Our debut US event was one to remember
Nicole L'ecuyer US Head of Marketing
Why learning and listening is step one of a new leadership role.
Laura Naylor Head of Support
At some point in everyone's career, you will meet the “gamechanger”. This is an individual that comes into a game already in progress ready to let everyone know that they’ve been doing things all wrong. They’re here to save the day, don’t worry about a thing.
It shouldn't be assumed this comes from a bad place, most people want to make a contribution from the word go. One of the easiest ways for a newcomer to do this is to focus on perceived flaws that their experience could be the solution to. The problem is, of course, not that opinions created by previous experience aren’t always accurate and don’t always go down well. It can lead to a talking-without-listening approach which is where issues could lie.
When the flow of information goes one way, you’re not in for a good time.
You might get away with only steam-rolling the opportunity to learn something, if you’re unlucky though you’ll succeed in alienating team members who have been working hard and doing their best already.
There’s a healthy possibility these suggestions are less novel than you imagine, perhaps deemed an ill-fit for established reasons, demanded resources that weren’t available, or were just surplus to requirement. So the questions should be asked, but assumptions should be avoided.
So, what do you do if you’re walking in to lead an established and successful team like I am? What are the things that you need to learn to be successful and to avoid the pitfall I described above?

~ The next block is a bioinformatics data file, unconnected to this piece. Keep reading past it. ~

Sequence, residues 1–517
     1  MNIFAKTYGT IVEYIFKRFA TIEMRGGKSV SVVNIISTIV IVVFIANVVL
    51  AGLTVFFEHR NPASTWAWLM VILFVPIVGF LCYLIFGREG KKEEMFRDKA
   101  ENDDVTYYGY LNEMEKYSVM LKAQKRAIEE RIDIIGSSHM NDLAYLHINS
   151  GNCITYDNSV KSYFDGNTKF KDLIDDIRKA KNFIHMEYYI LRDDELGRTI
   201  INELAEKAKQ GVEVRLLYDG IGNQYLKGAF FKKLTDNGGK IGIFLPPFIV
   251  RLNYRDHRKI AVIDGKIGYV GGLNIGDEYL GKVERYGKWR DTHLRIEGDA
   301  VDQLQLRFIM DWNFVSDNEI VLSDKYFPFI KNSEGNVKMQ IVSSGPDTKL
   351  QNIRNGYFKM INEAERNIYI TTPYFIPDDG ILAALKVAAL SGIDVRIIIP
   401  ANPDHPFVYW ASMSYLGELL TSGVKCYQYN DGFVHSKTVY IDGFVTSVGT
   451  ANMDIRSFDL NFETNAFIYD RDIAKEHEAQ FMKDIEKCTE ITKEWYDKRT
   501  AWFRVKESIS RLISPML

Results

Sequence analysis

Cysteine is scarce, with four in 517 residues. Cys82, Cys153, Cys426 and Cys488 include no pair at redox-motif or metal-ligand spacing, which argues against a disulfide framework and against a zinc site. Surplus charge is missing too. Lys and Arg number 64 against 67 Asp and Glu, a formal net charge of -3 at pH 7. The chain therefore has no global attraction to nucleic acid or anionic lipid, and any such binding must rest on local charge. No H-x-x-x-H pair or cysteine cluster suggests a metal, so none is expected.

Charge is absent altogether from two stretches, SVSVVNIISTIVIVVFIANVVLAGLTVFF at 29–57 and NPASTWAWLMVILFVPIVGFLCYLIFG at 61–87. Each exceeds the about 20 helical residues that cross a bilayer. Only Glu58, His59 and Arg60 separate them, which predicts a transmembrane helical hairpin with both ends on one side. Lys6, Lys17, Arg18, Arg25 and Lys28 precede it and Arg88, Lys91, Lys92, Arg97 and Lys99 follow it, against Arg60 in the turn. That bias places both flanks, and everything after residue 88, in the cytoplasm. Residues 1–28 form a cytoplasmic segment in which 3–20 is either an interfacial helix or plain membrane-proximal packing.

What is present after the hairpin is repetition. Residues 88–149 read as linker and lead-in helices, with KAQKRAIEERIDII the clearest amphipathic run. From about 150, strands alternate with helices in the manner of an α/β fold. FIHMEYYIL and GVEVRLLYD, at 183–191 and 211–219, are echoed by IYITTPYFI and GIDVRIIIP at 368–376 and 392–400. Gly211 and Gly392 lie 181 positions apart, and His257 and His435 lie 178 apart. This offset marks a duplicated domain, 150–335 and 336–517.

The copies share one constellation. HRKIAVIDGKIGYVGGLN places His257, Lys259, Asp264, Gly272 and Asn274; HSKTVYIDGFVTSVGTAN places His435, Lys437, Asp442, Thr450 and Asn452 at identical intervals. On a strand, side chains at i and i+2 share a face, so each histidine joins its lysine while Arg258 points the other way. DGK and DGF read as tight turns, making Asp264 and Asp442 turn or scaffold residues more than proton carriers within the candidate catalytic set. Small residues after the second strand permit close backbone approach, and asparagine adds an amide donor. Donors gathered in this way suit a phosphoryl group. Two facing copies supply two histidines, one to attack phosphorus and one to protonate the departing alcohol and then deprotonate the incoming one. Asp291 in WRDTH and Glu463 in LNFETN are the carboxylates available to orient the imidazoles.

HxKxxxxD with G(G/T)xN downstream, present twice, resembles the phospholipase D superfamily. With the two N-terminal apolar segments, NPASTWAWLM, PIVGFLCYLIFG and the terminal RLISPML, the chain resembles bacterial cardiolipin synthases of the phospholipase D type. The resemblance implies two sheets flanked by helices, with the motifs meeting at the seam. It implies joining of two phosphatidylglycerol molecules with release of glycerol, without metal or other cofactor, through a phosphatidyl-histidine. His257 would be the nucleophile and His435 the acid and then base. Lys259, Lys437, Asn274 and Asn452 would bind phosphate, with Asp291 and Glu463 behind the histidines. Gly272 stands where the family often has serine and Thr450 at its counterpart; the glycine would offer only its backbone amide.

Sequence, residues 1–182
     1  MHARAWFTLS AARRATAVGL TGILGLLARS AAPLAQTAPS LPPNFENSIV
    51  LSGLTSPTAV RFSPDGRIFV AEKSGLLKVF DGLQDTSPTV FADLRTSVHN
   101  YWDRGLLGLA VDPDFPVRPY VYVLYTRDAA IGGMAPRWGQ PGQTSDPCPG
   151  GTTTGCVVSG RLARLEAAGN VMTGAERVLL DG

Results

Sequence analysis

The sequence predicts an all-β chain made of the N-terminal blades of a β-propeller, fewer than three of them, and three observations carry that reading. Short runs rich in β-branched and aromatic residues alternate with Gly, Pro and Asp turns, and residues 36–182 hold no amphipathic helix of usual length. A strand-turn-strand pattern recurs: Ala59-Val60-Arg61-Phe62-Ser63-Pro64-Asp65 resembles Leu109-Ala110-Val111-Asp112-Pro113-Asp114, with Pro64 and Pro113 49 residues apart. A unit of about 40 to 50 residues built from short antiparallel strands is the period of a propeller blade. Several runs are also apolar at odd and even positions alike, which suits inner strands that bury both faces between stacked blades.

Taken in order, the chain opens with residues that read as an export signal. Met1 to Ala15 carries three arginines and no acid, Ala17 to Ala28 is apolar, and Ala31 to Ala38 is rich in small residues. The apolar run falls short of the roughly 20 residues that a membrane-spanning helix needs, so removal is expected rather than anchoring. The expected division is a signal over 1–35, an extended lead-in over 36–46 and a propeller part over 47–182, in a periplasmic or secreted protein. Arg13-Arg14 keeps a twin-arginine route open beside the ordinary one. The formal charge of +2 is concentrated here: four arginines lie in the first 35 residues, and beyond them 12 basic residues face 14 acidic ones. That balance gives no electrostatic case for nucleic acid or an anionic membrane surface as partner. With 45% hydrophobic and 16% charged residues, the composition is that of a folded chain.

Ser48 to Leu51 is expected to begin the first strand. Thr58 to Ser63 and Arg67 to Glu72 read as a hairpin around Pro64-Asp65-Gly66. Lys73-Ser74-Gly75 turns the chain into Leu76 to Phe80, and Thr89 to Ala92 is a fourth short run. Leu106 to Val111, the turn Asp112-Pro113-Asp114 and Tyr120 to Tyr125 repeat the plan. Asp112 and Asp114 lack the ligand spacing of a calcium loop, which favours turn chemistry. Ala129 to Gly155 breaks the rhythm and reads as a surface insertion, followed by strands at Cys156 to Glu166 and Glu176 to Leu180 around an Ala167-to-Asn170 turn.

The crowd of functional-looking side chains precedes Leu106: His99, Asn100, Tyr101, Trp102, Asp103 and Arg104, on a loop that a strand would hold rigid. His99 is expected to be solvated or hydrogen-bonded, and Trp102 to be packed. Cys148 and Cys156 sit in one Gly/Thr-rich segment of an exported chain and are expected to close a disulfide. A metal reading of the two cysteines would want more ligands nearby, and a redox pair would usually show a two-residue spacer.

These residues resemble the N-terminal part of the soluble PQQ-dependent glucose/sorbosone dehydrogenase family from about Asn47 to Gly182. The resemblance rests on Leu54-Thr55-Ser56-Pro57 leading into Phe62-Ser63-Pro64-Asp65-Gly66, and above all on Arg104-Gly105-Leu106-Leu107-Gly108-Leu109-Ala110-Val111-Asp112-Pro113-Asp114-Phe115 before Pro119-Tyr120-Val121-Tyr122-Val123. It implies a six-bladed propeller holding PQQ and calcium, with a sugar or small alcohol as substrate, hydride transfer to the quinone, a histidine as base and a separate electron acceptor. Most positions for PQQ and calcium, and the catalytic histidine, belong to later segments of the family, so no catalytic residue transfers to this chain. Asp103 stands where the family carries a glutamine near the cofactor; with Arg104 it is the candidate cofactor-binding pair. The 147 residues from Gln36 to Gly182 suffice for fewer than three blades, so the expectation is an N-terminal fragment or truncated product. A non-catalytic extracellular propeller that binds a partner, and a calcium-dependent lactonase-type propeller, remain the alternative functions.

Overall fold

Well, I can only tell you what I’m planning to focus on by engaging all of the expertise surrounding me. The proof will be in the pudding, so to speak.
To break it down though I can assign it to these seven topics. the basics, the people, the what, the why, the how, the when, and the who (not the band).
Luckily, on my first day, I was already signed up to THRIVE’s own LXP. IT, security, office policies, and HR all front and centre through an automated assignment based on my start date.
I can see who owns these documents too and can follow up with any questions or direct them to my colleagues. I’m compliant and ready to go by lunchtime.
The world is rich with philosophies for the best way to take care of your people. For managers, it’s worth getting in as early as possible to make sure important concepts about inclusion, diversity, empathy, and empowerment are informing the decisions they’ll begin making.
If you have a preferred company philosophy there’s nothing to stop you creating a pathway of inspirational and tone-setting resources, whether they be created by your team, ted talks, podcasts, articles or e-books.